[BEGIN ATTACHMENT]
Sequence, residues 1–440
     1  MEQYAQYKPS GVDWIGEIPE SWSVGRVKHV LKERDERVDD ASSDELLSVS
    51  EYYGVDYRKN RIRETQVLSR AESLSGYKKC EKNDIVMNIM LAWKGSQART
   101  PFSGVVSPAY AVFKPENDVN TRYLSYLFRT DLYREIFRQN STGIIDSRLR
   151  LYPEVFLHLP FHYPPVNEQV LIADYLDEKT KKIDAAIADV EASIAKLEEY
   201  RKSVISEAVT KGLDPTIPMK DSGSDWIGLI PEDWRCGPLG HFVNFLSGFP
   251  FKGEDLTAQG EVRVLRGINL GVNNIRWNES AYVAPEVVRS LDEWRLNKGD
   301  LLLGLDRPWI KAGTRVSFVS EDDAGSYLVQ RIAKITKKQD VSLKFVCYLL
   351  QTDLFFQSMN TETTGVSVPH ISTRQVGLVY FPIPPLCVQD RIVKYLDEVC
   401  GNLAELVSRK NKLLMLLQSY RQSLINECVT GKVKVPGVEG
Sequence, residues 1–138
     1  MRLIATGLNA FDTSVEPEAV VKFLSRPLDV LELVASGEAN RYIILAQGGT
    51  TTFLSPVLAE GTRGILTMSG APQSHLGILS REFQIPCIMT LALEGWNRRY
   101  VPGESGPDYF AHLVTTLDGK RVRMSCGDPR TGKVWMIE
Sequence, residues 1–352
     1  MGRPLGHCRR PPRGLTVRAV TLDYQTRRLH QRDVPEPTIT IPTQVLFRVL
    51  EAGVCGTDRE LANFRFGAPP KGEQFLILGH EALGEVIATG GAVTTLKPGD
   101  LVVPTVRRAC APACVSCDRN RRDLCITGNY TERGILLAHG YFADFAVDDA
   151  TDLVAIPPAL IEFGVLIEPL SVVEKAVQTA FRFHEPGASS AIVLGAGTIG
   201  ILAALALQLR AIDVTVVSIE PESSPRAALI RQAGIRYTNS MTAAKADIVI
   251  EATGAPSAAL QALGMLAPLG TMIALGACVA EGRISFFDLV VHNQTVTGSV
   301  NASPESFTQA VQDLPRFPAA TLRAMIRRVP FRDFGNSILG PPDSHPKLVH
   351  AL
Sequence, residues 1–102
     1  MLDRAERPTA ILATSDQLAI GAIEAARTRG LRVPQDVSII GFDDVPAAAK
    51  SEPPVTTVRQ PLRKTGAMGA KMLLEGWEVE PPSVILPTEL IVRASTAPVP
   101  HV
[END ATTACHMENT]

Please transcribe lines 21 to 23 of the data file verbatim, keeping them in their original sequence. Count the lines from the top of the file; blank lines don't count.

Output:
   251  EATGAPSAAL QALGMLAPLG TMIALGACVA EGRISFFDLV VHNQTVTGSV
   301  NASPESFTQA VQDLPRFPAA TLRAMIRRVP FRDFGNSILG PPDSHPKLVH
   351  AL